It is expected that Ministers for consumer Affairs/Fair Trading will agree on enforceable national standard for free range egg production by the end of March. At this stage it is not clear what changes will be made, but many producers hope that the politicians and bureaucrats take a simple approach and refrain from introducing a complex and largely unenforceable standard. The most straight forward way to address the problem would be to adopt into law the Model Code of Practice for the Welfare of Animals (Domestic Poultry).When the current version of the Code was approved by the Primary Industries Ministerial Council and printed in 2002, it was scheduled for review in 2010. It was a development of an earlier version of the Model Code. it is essential for the free range sector of the egg industry to ensure that intensive production standards tare not adopted in place of the extensive requirements of the current code. There has no science behind high density free range proposals (other than the certainty of increased profits. No scientific review of production processes has been undertaken to demonstrate that the standards contained within the current voluntary Model Code are no longer applicable to the industry. The stocking density of 1500 hens per hectare for free range hens was developed by applying well established principles of agronomy. The issue of the upper limit on the long term stocking rate was debated strongly at the time, following pressure from local Councils and the EPA about how some farms were operating. The experience of people who had farmed free range layers in the 1950’s and 60's, when all egg production was based on free range principles. Hens were often run under citrus trees Ir was recognised that for an operation to be sustainable, the stocking rate had to be low - less than 300 birds/acre (750/hectare). It was agreed that such a system should be regarded as Free Range egg production and the hens were to have access to the range during daylight hours. There was some dispute by new entrants to the industry who believed that they could design pasture rotation systems around their sheds that would allow higher rates. So it was decided to take an empirical approach and work out what the maximum stocking rate could be to avoid the measurable negative impacts of nutrient run off and soil degradation and still be theoretically possible to maintain pasture cover and avoid the issue of dust. Some argued that as most hens were in sheds at night and may be locked in for part of the day so that only a portion of the hens actually entered the range area, the impact is lessened. The dairy industry was very big at that time and local agronomists had data on the effects of applying very high rates of poultry manure on irrigated pasture. The agronomists studied the data on the maximum nutrient uptake a well maintained irrigated pasture could support and also avoid the problems of salinity build up observed in the dairy pastures. The stocking rate was calculated and a stocking density of up to 600 birds/acre (1500/hectare) was regarded as the maximum possible for long term sustainability. At the time the Code was approved, it was accepted that to maintain consumer credibility, visitors or passers-by had to see the birds out and about on the range. It was also accepted that there is no valid animal management need to lock in the layers in the morning or during inclement weather. Those currently involved in free range egg production agree that the fundamental elements of the Model Code, or other regulations introduced by Governments should be: a maximum stocking density of 1500 hens per hectare; stocking density must be reduced in conditions where pasture or other vegetative cover cannot be maintained at the maximum stocking density; no beak trimming of hens is permitted except when other methods of controlling outbreaks of severe feather pecking or cannibalism have been tried and failed (using the same criteria in the current Model Code); and pullets must be allowed to range freely once they are fully feathered (about six weeks old)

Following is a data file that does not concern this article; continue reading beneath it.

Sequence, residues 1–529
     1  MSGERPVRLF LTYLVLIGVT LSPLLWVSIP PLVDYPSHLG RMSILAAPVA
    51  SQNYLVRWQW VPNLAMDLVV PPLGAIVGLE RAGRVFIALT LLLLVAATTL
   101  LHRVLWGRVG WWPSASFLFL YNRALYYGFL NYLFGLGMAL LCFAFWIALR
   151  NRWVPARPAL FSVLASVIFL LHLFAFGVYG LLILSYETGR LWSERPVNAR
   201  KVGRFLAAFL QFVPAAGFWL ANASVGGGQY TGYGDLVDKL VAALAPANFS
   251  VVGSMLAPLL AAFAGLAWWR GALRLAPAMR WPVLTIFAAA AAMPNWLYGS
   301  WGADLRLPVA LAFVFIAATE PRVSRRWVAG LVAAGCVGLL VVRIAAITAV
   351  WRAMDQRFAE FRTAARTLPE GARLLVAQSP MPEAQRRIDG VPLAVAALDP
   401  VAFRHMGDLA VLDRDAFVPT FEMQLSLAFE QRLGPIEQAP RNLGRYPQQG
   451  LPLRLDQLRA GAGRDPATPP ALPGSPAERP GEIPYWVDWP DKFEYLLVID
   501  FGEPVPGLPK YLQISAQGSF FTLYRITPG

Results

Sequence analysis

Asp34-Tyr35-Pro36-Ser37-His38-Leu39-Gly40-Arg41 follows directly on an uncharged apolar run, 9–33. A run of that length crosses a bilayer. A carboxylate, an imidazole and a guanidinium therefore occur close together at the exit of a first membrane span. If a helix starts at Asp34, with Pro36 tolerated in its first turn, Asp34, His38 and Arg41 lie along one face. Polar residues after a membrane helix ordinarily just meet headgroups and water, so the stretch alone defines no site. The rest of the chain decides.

Tuesday, February 23, 2016
Sydney6s Daily Telegraph ran a story alerting consumers to t he widespread use of colouring additives in chook food to enhgance the colour of egg yolks in eggs.http://l.facebook.com/l.php?u=http%3A%2F%2Fwww.dailytelegraph.com.au%2Fnews%2Fnsw%2Fthe-yolks-on-us-aussie-eggs-not-all-theyre-cracked-up-to-be%2Fnews-story%2Fcb038b4467c8aa07fa8d130e8dcb97d3&h=8AQET8iiT&enc=AZN--fbuHvPoi4rUrXLy2RMRgQb6XcVpyA_3sGdmyriIbT9b7Pjwc4gw86xUCNfpVw0fEGDplzfSR5v6OSRlxVeXe6rSYIUUJiuvReadeXpz1bEnL8uOb6bgDq7PjxDQ2LFbZCIw908lZ5uTvTvcT1OnIzixxGucpF9zar4-xOZZpWtlsjNw4wX3RfjTcmO06n7xHi7DW7pI82FmblZpprUh&s=1 We have been concerned about this for years as many people have allergic reactions to some of the colouring agents